Defining Democracy for Secondary Students

If you’ve read a few of my posts, you’ve probably picked up I think students knowing their civic roles and responsibilities is vital. We live in an era where there is too much tension and hatred – of other races, religions, ‘cultures’…. and mostly because people are not educated about things that matter!

It is so important that students understand how a democratic system works and what their place in it is. It is important students know that we are part of a global community and our actions, no matter where we are in the world, can affect others very far away.And of course, its important for students to have fun while learning it.

This week, we decided to hold a mock election. It was a wonderful success with students having fun and collaborating beautifully but also coming up with some fantastic ideas. This is a perfect end of term filler for when tests are done and one can afford to stretch out a topic for as long as it needs- activities like this tend to take on a life of their own

Lesson 1: Democracy vs Dictatorship

I used this great power point here to cover the basic differences between living in a democratic nation vs living in a dictatorship. Students, of course, have heard a lot about North Korea in the news lately so this led to a great discussion about dictatorial nations and whether other, democratic countries have the responsibility so help them. And if so, which country should be the most responsible?

Lessons 2: Forming a Political Party

Students were split into groups (political parties) and I explained that they would be running for student leadership at our school. We don’t have a student council at our school yet so we just did this as an exercise in democracy. However, this is a great opportunity to chat to your HOD or Principal and use this is proper democratic election where elected students get to represent the student body and try to make their campaign promises happen.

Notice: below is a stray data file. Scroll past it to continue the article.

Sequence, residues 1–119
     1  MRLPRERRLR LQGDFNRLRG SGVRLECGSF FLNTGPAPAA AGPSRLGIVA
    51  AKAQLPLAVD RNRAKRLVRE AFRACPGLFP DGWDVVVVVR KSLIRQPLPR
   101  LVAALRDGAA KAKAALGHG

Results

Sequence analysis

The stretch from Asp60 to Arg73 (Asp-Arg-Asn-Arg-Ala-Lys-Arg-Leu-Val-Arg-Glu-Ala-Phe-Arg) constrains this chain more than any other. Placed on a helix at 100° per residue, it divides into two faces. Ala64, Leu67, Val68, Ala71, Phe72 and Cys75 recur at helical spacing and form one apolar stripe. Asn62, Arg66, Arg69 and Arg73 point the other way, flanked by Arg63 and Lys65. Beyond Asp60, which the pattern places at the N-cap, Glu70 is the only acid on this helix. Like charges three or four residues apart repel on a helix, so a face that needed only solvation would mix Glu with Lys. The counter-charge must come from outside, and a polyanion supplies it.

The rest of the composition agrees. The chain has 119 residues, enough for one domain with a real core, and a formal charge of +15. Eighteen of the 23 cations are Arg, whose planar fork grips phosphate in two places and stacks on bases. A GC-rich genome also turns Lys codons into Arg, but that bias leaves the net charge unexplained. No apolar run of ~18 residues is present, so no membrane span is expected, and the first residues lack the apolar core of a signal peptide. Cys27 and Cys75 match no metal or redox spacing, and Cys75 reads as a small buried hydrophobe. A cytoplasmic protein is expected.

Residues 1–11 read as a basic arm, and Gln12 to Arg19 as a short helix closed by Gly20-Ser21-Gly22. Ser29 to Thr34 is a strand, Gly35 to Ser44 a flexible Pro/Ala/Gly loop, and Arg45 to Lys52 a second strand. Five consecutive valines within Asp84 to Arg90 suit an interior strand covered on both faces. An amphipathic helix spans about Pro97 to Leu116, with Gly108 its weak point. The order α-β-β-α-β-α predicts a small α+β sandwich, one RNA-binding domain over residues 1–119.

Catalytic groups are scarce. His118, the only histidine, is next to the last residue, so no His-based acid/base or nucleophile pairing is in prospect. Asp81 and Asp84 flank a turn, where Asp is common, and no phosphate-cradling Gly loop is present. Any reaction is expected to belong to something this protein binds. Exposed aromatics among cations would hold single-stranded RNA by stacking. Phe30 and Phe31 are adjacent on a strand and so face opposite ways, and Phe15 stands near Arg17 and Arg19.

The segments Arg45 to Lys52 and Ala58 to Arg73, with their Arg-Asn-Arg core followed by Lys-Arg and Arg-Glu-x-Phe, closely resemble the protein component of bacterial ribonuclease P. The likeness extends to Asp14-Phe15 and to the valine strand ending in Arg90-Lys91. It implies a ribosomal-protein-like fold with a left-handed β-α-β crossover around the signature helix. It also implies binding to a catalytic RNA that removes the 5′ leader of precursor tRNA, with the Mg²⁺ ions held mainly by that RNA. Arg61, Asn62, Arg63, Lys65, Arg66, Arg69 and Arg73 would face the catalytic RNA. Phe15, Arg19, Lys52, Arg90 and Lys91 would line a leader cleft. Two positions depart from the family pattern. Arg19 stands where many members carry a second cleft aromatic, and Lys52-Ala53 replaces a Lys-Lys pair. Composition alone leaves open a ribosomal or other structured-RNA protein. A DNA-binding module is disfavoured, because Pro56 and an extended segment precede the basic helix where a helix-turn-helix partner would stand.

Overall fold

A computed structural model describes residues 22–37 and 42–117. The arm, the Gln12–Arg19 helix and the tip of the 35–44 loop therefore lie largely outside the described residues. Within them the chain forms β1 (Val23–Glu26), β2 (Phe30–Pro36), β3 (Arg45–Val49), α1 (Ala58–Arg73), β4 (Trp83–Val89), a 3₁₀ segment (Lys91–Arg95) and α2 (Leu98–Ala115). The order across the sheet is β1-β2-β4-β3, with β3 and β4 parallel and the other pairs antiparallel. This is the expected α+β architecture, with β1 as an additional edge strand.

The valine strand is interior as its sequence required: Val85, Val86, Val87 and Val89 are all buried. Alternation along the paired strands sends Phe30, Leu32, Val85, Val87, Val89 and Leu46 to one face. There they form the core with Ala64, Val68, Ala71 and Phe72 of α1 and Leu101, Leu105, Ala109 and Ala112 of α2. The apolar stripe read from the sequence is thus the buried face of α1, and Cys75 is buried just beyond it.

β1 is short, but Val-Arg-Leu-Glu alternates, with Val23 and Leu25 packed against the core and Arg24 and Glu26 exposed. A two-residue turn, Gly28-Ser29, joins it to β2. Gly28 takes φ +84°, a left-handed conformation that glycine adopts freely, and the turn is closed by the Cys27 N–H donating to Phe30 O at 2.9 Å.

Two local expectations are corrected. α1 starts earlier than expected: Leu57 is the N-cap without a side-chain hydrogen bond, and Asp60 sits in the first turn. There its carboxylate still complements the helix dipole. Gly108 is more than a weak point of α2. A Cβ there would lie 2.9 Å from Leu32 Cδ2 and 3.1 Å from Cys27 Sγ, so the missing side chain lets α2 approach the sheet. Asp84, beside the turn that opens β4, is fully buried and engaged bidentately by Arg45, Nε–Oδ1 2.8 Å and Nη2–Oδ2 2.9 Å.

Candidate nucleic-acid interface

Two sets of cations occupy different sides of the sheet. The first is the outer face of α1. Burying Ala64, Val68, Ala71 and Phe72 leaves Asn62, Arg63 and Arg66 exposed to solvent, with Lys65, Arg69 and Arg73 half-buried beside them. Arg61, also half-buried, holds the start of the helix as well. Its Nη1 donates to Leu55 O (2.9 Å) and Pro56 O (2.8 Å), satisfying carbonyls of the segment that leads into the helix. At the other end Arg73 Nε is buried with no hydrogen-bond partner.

I then used a power-point to go through what a political party is, how political parties appeal to voters and what the purpose of a manifesto is- using the English Labour and Conservative Parties as examples. Students were then given their official task which is embedded in the power point. You can view the resource (“Let’s get the political party started”) and download for free at my TES shop here

Lessons 3 and 4: Developing a Manifesto and Campaign Poster

This is when the fun really begins! Students had to come up with a manifesto and campaign poster that includes their name, slogan, symbol and campaign promises.

They then had to present their posters to the class, focusing on effective group presentation and incorporating all their party members. After this lesson, we hung up the campaign posters for the class to read and consider for a day or two.

Lesson 5: The Vote!

Last of all, of course, is the vote!

 

 

 

 

 

 

We created a full election situation where students voted secretly using ballot papers. Afterwards, of course, we had a post election party where the winners were congratulated and everyone respectfully applauded each other’s efforts.

This lesson plan was created on a bit of a whim but it worked fantastically and I will definitely do it again!

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